Ohio’s state attorney general is suing Dollar General over allegations that it listed false prices for products on shelves and charged customers more than advertised at the register.
The lawsuit cites complaints from 12 county inspections between March 2021 and August, which found that Dollar General stores had been tricking customers into paying more for their products than they thought.
Depending on the store, between 16% and 88% of tested items were found to be listed as cheaper on the shelf than they were at checkout, according to the suit. State law gives stores a maximum 2% legal margin between the listed and actual price.
Last month, an inspection performed by Butler County found that 20 stores in the county had listed false prices, according to the suit.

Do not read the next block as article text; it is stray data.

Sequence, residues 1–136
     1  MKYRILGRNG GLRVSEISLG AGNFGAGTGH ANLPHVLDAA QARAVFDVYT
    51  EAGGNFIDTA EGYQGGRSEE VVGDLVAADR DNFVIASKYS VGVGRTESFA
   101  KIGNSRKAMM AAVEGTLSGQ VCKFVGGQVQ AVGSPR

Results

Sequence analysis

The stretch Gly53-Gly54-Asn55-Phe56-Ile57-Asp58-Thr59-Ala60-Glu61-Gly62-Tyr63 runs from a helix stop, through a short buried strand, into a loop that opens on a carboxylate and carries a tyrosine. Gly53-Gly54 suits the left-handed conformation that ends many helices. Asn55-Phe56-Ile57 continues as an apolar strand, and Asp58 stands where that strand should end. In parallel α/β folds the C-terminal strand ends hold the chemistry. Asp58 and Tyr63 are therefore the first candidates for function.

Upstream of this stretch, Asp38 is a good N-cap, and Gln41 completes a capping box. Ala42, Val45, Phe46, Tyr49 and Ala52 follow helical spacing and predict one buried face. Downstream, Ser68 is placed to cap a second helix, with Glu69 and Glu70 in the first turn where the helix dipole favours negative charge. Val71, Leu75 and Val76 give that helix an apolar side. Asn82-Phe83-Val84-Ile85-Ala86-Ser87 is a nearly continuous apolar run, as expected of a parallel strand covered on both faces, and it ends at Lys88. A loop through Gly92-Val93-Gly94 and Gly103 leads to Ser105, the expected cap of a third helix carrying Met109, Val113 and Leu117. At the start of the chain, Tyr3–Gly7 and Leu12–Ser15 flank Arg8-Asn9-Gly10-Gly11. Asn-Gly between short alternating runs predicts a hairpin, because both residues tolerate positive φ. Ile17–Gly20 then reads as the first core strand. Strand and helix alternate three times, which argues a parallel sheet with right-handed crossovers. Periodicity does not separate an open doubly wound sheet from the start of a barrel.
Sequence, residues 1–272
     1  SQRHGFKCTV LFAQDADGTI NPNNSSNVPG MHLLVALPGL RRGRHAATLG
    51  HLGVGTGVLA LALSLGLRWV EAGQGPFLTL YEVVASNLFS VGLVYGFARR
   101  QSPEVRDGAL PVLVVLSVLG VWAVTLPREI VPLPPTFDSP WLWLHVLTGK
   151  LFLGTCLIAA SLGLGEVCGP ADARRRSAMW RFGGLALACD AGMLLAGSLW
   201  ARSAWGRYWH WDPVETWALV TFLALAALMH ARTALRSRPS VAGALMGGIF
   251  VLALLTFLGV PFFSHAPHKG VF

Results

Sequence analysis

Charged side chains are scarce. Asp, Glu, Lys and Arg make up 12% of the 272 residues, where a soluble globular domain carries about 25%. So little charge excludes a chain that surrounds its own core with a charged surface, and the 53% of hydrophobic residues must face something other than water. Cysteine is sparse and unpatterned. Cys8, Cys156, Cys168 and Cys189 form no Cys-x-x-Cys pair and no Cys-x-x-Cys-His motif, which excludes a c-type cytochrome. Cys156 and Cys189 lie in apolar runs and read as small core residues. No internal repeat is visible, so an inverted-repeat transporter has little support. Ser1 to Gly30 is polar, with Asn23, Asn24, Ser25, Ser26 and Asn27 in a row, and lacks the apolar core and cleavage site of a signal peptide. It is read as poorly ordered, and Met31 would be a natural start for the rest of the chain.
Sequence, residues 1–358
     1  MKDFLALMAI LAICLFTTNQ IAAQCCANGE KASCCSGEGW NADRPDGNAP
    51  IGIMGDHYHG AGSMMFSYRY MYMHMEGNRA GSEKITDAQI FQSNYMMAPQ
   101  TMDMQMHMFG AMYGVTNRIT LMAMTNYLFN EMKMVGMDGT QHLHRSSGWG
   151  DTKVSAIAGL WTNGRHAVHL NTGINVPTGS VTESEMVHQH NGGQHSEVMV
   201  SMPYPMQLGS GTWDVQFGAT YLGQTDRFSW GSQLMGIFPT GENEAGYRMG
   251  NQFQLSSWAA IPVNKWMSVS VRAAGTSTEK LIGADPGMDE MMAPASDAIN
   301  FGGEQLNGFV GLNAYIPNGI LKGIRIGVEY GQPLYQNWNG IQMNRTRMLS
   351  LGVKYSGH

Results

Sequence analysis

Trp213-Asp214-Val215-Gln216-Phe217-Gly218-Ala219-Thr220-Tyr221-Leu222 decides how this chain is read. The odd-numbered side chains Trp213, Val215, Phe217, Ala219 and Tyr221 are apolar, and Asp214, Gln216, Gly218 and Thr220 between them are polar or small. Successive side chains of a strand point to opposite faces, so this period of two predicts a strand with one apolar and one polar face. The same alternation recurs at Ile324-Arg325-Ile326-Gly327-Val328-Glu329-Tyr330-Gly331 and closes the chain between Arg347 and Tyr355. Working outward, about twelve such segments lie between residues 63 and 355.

“Ohioans can ill-afford businesses that draw people in with the promise of low prices only to deceive them at the checkout counter,” Ohio Attorney General Dave Yost said in a statement.
“This seems like a company trying to make an extra buck and hoping no one will notice. We’ve not only noticed but are taking action to stop it.”
Yost said the violation is especially egregious amid the rising cost of living, saying, “everything we buy these days costs more.”
Yost is seeking a $25,000 fine for each store that participated in deceitful pricing, and for the Tennessee-based company to pay the damages to all customers who were deceived. He is also seeking an injunction that would bar Dollar General Corp. from doing any business in Ohio until all debts are paid.
Dollar General first launched into Ohio in 2015 and now operates 943 stores statewide.
The company has not responded to The Post’s request for comment.